The 450hp Pratt & Whitney R-985 Wasp Junior Powered Winjeel ‘404 – A Home Coming and Return to Flight

by Stephan Bowtell, Nathan Bowtell and Phil Buckley
Rising like a young eagle to fly once more, a former Royal Australian Air Force CAC Winjeel A85-404 has returned to the skies in Australia to take her place as a living warbird once again.

CAC Winjeel A85-404 at the TAVAS event in Caboolture, near Brisbane, Australia during late April, 2018. This aircraft recently returned to flight following a 14 month-long restoration for new owner, Stephan Bowtell. (photo by Phil Buckley)

In the early 1950s, the Commonwealth Aircraft Corporation (CAC) at Fishermans Bend in Victoria, Australia designed a new trainer for the Royal Australian Air Force to replace its aged WWII-era deHavilland Tiger Moth and CAC Wirraway fleets. The resulting aircraft was a robust and reliable piston-powered design named the CA-25 Winjeel. ‘Winjeel’ is derived from an Aboriginal word for ‘young eagle’. The prototype Winjeel, RAAF serial A85-364, was actually designated as the CA-22. It flew for the first time on February 2nd, 1951. Initial testing revealed a few design flaws, but also that it was too stable and therefore not challenging enough for trainee pilots. CAC modified the design, which included enlarging the tail fin and shifting it forwards 38″ while also moving the engine forwards by 7″. After proving the updated design, re-dubbed the CA-25, the first production aircraft, A85-401, took to the skies on February 23rd, 1955. After flight testing, the RAAF deemed it a success and began accepting the aircraft into service that August.

CAC Winjeel prototype, CA-22 A85-364, seen here in the Fleet Air Arm Museum in Nowra, New South Wales, Australia. (photo via Wikipedia)
The Winjeel has a wing span of 38 ft 7 1in (11.78 m) and a length of 29 ft 1in (8.55 m), and an empty weight of 3,573 lb (1,595 kg). When loaded with two crew and fuel, it had a maximum take-off weight of 4673 lb (2,086 kg). The Winjeel had a 450hp Pratt & Whitney R-985 Wasp Junior engine up front which gave the aircraft an initial climb rate of 1,500 ft/min (457 m/min), a cruising speed of 134 knots (254 kph), and a maximum speed of 162 knots (301 km/h). Its service ceiling topped out at an impressive 15,800 ft (4816 m). while it had a satisfactory range of 477 nautical miles (885 km) on its internal fuel.

During the type’s long service career, RAAF Winjeels trained pilots across all three Australian military services – Air Force, Army and Navy. Winjeels were a frequent sight in Victorian skies at RAAF bases East Sale and Point Cook. By the 1970s, Winjeels were were showing their age, and the RAAF was also now planning for a new, all-jet training syllabus. However, the RAAF discovered their ideas for an all-jet training proposal unsatisfactory and instead opted to purchase the New Zealand-designed CT/4A Airtrainer for its basic pilot training fleet.  Curiously, despite most of the Winjeel fleet entering retirement in the 1970s, the RAAF  kept some of them for use as Forward Air Controller aircraft, or FACs. Unsurprisingly, these FAC-birds wore a camoflauge scheme instead of the types more typical training colors. They would mark ground targets with smoke bombs. These type served in this role until its final retirement from RAAF service with the standing down of 76 Squadron’s remaining 14 examples at Williamtown in 1994.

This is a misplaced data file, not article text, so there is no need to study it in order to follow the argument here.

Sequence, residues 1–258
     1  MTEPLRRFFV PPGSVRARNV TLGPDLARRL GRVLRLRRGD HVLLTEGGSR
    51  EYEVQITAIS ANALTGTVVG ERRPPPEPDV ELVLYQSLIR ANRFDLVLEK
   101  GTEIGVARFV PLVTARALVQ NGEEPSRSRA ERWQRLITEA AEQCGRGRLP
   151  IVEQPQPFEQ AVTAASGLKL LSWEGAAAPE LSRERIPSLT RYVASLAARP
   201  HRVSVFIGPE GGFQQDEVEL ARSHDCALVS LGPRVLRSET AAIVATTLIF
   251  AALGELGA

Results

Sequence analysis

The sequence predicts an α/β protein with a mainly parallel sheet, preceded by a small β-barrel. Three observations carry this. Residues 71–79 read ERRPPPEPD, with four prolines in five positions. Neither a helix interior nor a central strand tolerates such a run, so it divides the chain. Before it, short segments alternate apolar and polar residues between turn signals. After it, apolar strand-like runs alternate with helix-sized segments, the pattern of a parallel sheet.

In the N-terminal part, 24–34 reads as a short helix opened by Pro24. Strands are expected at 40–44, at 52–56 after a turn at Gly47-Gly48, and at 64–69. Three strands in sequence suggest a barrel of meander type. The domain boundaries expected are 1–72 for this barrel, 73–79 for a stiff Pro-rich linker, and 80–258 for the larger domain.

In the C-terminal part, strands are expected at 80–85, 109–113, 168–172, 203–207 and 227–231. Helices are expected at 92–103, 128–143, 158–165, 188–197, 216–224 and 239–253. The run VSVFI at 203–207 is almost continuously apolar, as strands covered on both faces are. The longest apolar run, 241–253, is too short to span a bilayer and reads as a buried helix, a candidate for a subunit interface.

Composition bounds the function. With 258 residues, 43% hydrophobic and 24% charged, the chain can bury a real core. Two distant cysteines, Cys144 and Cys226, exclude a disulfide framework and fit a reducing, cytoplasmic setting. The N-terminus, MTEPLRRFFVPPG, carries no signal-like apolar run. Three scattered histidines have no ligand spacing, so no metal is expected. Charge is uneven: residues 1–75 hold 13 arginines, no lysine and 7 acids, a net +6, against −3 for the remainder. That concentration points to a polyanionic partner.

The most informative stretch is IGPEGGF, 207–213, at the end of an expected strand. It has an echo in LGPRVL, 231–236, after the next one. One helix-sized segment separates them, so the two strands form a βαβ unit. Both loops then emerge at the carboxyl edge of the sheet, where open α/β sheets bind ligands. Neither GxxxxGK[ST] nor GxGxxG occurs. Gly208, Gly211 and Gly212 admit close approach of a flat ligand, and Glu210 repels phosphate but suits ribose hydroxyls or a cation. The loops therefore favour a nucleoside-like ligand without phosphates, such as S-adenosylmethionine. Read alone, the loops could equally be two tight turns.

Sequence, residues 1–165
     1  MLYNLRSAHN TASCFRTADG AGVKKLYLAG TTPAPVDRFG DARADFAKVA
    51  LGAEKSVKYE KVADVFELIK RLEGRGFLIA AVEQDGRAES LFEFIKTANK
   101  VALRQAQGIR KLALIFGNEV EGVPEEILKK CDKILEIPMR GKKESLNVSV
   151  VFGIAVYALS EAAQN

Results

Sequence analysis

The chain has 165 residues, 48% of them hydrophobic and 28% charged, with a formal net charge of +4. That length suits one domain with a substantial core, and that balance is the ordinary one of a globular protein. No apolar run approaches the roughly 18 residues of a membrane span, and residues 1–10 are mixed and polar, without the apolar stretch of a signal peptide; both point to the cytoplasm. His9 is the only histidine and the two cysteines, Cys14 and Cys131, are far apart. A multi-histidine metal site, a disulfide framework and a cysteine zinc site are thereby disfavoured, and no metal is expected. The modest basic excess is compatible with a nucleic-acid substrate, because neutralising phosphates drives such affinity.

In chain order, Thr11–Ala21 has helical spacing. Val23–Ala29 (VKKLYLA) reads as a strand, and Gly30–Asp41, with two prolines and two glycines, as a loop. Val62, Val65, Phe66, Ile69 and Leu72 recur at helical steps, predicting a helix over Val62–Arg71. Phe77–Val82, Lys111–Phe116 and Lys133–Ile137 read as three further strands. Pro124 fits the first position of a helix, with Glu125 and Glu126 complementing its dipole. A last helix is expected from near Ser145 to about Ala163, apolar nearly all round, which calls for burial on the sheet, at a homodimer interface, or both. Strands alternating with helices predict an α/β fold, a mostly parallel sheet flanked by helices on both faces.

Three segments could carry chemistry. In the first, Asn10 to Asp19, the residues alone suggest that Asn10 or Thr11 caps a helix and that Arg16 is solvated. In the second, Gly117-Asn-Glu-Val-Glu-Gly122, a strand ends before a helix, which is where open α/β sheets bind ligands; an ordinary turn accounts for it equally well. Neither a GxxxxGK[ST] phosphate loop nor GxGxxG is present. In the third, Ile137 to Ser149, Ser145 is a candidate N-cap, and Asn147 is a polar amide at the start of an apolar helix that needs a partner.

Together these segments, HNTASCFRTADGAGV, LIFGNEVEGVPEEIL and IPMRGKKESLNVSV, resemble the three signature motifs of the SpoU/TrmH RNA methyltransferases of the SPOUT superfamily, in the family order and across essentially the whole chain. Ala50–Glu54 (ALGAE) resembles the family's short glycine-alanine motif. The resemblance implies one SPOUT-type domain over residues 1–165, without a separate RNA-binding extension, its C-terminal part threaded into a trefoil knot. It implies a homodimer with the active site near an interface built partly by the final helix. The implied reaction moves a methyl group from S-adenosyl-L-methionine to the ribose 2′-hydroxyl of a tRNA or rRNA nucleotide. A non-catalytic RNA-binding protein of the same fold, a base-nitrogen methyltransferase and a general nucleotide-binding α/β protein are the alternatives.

The first production Winjeel, A85-401, is now on display at the RAAF Museum in Point Cook, near Melbourne, Australia. (photo via Wikipedia)

Winjeel A85-404 rolled off the CAC production line in Melbourne. The RAAF accepted her for service at No. 1 Aircraft Depot (1 AD) in Laverton during October 1955. That November 1955 the Winjeel received an assignment to RAAF base East Sale, Victoria. In  April 1956, ‘404 moved to No. 1 Basic Flying Training School (1 BFTS) at RAAF Uranquinty in New South Wales. She then moved in November, 1958 to RAAF Base Point Cook, Victoria. In January 1959 the trainer joined 22 Squadron at RAAF Base Richmond.  By January 1960 she transferred to 2 AD, also at Richmond. After a few more months ‘404 joined 34 Squadron at RAAF Fairbairn, near Canberra. The Winjeel remained with 34 Squadron until mid-1964 when she moved back to 1 BFTS, and then again to RAAF Base East Sale. By 1967 ‘404 went to the Airframe Repair Workshops (ARW) at Parafield in Adelaide, South Australia. She rejoined 1 BFTS following overhaul and remained there until withdrawn from service and put up for public tender in December, 1977. At the close of her RAAF career, A85-404 had clocked up a respectable 4,234 hours of logged flight time.

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